Evaluation of Urban Cooling Interventions: History
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Heat islands and warming temperatures are a growing global public health concern. Cities worldwide are implementing heat adaptation and mitigation interventions to reduce the urban heat island effect and extreme heat exposures. As listed by the Environmental Protection Agency (USA EPA), these interventions may include: trees/vegetation, green and cool roofs, cool pavements, and broadly improved infrastructure that invests in ‘greener’ practices. Although cities are implementing cooling interventions, little is known about their efficacy. Four interventions often used in urban areas are taken into consideration here: cooling centers, misting stations, cool (or green) roofs, and cool pavements.

  • heat
  • climate change
  • mitigation
  • urban environment
  • heat island
  • cooling interventions

1. Cool Pavements

Five studies focused on cool pavements in Los Angeles, California, USA [1], Taipei City, Taiwan [2], Acharnes, Greece [3], Ames, Iowa, USA [4], and greater Athens, Greece [5]. Each considered a different type of cool pavement, including solar reflective coating (Guard Top CoolSeal) [1], porous/permeable concrete bricks and porous asphalt [2][3], pervious concrete pavement [4], and light-yellow concrete blocks [5]

1.1. Cool Pavement Evaluation Protocols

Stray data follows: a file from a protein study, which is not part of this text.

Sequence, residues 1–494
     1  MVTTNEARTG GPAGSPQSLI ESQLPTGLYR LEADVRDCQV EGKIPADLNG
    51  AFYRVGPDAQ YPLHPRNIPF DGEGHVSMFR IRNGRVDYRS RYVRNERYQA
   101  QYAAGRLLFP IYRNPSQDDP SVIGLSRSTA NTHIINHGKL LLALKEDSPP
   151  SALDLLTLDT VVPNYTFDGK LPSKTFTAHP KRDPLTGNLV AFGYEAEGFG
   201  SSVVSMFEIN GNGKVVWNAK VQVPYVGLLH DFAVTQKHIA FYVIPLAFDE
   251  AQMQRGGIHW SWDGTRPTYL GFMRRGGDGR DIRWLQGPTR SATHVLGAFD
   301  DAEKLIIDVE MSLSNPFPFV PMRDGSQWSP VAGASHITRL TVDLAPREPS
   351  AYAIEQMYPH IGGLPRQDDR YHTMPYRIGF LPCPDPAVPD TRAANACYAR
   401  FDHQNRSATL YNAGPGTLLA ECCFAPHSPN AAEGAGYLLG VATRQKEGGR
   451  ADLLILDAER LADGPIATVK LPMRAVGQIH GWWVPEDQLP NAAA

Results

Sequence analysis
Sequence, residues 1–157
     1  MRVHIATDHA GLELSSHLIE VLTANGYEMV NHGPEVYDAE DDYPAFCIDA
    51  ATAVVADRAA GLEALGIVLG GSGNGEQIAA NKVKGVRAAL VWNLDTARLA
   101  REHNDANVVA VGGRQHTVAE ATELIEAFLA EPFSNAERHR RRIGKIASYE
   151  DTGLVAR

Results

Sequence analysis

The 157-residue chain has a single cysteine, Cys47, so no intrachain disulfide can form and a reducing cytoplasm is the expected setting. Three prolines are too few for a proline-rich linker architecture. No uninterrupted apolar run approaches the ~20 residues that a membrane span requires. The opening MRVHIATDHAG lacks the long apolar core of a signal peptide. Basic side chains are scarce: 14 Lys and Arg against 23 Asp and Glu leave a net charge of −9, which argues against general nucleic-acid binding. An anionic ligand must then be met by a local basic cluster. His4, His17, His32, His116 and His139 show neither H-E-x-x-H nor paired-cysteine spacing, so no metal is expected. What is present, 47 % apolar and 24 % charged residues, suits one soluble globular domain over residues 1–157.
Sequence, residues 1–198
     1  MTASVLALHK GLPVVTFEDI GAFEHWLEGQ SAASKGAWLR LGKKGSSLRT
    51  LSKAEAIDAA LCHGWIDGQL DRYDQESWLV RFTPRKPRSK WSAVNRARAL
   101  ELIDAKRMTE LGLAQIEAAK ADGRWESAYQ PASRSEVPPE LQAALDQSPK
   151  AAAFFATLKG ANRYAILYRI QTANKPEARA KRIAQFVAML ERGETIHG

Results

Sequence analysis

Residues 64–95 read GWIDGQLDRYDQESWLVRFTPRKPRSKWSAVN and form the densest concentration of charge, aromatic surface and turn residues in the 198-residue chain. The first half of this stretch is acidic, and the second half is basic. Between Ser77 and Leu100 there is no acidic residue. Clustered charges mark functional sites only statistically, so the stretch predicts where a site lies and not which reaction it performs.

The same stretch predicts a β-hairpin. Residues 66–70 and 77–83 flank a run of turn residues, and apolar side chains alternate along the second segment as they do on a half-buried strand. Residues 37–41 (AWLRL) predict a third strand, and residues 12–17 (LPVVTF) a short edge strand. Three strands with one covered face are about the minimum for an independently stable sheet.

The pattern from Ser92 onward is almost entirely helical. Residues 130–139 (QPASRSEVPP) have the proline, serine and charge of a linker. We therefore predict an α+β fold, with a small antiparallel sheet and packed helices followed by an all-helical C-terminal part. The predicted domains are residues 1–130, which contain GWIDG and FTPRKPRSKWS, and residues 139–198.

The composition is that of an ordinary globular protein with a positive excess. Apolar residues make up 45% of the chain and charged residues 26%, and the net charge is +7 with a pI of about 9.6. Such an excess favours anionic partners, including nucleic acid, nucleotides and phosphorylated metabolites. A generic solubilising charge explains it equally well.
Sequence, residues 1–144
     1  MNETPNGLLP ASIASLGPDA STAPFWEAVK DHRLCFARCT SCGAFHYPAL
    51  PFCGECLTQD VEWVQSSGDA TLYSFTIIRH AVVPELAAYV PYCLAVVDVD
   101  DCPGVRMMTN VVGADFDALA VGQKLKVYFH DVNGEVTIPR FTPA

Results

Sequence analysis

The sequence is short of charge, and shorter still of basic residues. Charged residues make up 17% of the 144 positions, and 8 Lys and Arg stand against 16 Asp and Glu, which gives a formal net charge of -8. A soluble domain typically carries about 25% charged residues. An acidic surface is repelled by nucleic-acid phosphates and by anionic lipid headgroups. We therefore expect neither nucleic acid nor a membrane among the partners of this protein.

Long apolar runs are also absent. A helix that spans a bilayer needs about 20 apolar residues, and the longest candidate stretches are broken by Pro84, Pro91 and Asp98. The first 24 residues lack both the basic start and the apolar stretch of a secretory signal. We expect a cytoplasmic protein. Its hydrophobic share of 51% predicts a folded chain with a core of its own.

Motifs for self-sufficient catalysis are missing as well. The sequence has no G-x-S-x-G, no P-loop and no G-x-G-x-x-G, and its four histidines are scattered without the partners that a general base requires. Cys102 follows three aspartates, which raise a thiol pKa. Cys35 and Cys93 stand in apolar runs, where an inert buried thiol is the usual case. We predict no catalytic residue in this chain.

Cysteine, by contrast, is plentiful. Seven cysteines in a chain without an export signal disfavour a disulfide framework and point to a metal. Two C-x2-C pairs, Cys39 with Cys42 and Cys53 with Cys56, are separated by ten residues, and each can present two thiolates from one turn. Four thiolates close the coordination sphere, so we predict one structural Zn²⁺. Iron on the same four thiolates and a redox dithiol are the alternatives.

Evaluations were designed to quantify the heat differences for cool, compared to control (existing or conventional), pavements by examining surface temperature, ambient air temperature, and heat gain measurements. Two of the five studies estimated human thermal comfort via mean radiant temperature [1] and cooling power comfort index (calculated using observed mean radiant temperature and wind speed) [5]. None included study participants, and one intervention explicitly considered vulnerable populations when trying to find a study location [1].
In Los Angeles, black asphalt pavement was coated with highly reflective Guard Top CoolSeal surfacing in several neighborhoods across 10–12 street blocks each [1]. Data collection took place over the course of one summer day (30 July 2019), from 11:00:00 AM to 9:00:00 PM PDT, in the form of hourly measurements via MaRTy, including: six-directional longwave radiation flux densities, shortwave radiation flux densities (radiation flux densities calculated mean radiant temperature), ambient air temperature, surface temperature, horizonal wind speed, and relative humidity.
In Taipei City, Taiwan, investigators compared 200 m of porous concrete pavement and 200 m of porous asphalt pavement installed in a bicycle lane/pedestrian walkway in front of a high school, with regular concrete and asphalt materials during the wet months of April 2018 and May 2019, as well as the dry month of August 2018 [2]. Surface temperature was collected in 10-min intervals at nine locations between 9:00:00 AM and 9:00:00 PM.
On a sidewalk in front of a school building in Acharnes, Greece, a cool pavement of lime-cement plaster, with a solar reflectivity of 0.69, was installed to replace a conventional pavement with lower solar reflectivity; surface temperature measurements for the cool pavement and an adjacent conventional pavement were collected via hourly thermal images, taken by a FLIR B2 thermal camera device throughout the daytime on 15 June 2015 [3]. In addition to monitoring the change, they used simulation software, Envi-met, to predict temperatures based on the change.